Elton John writes 'Billy Elliot' the musical because 'he's like me'

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Sir Elton John was so moved by the hit British film Billy Elliot that he agreed immediately to write the songs for the musical version which opens in London next year, he revealed yesterday.

Sir Elton John was so moved by the hit British film Billy Elliot that he agreed immediately to write the songs for the musical version which opens in London next year, he revealed yesterday.

Speaking at the official launch of the musical, Sir Elton said the theme of a father failing to understand the artistic aspirations of his son had mirrored his own upbringing. He was reduced to tears when he saw the first screening of the film at the Cannes festival four years ago.

The film and now the musical tell the story of how a miner is horrified when his son, Billy, takes up dancing. Gradually he comes round to help the talented youngster win a place at the Royal Ballet School.

Performing songs from the musical version for the first time, Sir Elton said the film had reminded him of his childhood. "I had a difficult relationship with my father when I was growing up which got sorted out in the end," he said.

But his partner, David Furnish, admitted the hurt went much deeper than Sir Elton acknowledged in public. The singer's father had been in the Army and strongly opposed him going into rock and roll.

"It wasn't the kind of thing that someone from his background was supposed to do. His dad was against him pursuing that kind of career," Mr Furnish said.

"Billy's dad eventually comes in and supports him in a way Elton's dad never really did. There was a lot of tension and a lot of friction [in Elton's family] and there's so much of that in Billy Elliot."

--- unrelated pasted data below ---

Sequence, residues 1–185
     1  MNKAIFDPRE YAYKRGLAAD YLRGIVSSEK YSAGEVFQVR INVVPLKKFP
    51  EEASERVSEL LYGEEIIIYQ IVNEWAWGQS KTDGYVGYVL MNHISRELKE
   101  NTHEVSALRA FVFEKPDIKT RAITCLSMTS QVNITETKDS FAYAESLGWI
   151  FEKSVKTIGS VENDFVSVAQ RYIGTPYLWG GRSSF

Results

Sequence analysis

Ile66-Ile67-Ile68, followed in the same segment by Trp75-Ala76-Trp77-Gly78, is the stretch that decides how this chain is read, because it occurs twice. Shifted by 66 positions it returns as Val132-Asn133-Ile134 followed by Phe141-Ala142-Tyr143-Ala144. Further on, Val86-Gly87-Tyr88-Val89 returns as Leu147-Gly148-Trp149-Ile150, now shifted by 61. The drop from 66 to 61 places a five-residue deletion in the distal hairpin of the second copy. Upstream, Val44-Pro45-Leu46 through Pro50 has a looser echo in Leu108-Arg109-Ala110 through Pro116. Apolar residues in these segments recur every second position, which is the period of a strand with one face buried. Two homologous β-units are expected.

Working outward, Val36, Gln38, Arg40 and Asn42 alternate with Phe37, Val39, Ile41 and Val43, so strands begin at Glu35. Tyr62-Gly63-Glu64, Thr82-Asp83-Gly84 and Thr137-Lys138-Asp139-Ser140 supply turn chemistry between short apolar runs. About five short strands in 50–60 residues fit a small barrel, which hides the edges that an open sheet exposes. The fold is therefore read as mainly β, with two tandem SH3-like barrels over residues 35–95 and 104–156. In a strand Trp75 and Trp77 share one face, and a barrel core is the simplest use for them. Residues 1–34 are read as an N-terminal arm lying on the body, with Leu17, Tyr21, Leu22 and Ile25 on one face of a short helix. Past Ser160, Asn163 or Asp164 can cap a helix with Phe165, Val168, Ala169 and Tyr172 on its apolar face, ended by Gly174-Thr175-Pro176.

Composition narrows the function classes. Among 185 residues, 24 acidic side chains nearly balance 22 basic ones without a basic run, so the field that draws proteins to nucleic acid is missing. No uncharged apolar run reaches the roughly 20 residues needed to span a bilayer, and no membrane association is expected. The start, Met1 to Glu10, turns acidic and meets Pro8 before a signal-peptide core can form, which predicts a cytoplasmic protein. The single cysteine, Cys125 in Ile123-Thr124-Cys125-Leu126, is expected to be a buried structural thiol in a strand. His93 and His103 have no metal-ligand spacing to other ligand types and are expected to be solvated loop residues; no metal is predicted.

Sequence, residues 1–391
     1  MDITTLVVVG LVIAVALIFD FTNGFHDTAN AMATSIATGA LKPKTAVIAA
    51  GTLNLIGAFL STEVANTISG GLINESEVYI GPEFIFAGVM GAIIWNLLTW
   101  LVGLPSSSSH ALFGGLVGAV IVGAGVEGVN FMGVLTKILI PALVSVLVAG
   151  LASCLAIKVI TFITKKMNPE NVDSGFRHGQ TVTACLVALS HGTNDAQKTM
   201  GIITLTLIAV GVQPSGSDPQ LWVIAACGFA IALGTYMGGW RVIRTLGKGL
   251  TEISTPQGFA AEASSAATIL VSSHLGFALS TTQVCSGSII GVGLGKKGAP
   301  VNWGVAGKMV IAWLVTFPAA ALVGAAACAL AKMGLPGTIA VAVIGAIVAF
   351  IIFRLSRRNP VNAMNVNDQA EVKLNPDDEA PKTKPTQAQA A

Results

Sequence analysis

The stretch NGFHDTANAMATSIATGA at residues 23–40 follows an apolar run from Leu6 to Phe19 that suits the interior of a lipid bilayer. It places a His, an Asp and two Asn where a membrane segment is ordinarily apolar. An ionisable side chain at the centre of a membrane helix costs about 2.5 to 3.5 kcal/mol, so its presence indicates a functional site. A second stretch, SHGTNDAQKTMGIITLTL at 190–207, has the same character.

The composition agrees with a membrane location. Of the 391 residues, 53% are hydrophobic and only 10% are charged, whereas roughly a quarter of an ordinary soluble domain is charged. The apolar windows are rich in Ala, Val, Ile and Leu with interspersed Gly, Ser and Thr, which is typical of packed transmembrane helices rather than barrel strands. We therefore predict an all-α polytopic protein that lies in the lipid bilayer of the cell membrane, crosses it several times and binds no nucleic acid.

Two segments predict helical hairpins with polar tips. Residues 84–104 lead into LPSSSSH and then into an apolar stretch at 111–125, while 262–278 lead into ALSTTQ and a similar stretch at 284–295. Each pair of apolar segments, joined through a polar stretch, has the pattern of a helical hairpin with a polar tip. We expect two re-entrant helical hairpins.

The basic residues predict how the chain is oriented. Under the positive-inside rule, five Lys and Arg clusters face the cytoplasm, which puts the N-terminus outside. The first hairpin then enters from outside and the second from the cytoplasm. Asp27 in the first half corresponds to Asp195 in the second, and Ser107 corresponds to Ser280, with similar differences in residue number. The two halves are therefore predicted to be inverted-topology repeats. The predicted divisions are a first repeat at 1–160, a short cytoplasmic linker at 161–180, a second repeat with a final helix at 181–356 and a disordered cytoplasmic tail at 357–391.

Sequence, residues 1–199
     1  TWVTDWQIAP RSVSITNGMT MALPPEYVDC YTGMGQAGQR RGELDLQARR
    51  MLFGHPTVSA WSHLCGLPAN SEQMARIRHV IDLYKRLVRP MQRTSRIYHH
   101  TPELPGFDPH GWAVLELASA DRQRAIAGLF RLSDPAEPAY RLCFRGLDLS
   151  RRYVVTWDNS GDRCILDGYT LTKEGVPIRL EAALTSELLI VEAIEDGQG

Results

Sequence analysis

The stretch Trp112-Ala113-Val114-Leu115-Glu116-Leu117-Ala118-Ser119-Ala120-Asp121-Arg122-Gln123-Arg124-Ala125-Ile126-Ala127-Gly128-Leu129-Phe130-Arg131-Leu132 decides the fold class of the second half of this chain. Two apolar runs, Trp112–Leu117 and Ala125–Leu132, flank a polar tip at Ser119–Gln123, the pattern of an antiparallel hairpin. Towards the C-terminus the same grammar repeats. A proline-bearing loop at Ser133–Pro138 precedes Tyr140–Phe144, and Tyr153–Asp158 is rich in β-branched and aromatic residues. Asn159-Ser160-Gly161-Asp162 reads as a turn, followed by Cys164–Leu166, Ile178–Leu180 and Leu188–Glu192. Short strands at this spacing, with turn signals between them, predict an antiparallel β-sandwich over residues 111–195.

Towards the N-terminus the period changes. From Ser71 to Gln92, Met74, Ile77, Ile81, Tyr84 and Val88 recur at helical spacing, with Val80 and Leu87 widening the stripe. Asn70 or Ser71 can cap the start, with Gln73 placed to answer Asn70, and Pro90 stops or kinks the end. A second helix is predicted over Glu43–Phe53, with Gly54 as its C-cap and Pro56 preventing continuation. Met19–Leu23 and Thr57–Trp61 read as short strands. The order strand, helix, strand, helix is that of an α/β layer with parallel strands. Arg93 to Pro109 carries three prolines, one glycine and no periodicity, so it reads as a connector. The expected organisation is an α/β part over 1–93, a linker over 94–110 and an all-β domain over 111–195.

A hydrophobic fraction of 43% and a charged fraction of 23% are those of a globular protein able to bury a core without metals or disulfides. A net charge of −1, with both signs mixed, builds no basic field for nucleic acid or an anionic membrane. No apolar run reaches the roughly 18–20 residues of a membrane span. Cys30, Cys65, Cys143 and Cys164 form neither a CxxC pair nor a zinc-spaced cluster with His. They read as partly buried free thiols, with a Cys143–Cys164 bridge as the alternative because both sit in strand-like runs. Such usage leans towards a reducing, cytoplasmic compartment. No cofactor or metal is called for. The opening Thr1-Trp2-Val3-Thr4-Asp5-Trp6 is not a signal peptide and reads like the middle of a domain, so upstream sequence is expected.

The £6m musical is to open in Newcastle this November before its West End premiere at the Victoria Palace Theatre next March. Booking lines for London are now open.

The show, which is being written by Lee Hall, the original screenplay writer, is sure to make stars of a string of teenagers who are set to follow Jamie Bell in the title role.

Stephen Daldry, who directed the film and will now direct the musical, said the hunt for young people able to do ballet, tap, modern dance, act and sing had thrown up an "extraordinary" array of talent.

Some were undoubtedly encouraged by the film, which has already prompted a surge of applications from boys to the Royal Ballet School.

The first boys in the running for West End stardom have been training for up to a year already at a specially created Billy Elliot Academy in Leeds, which is being funded by an anonymous donor and by the musical's producers, the Old Vic impresario, Sally Greene, and Eric Fellner and Tim Bevan of the film company Working Title.

Working Title has made 70 films including Four Weddings and a Funeral, Bridget Jones's Diary and Billy Elliot but this is its first musical.

Mr Fellner said yesterday: "Occasionally you come across a project you love regardless of its seeming lack of commercial opportunity. Billy Elliot is one such project."

Mr Hall looked close to disbelief when he recalled his childhood self sitting writing in his bedroom and listening to Elton John records. "The whole thing has come full circle and in a real sense is a dream come true," he said.

He had never expected to end up working on a musical when he started work on the film seven years ago.

"I thought I had written a very personal and peculiar piece about growing up in the North-east and about wanting to create art against all the expectations of my background," he said.

"I had the good sense to substitute dancing for writing otherwise I probably wouldn't be here today."

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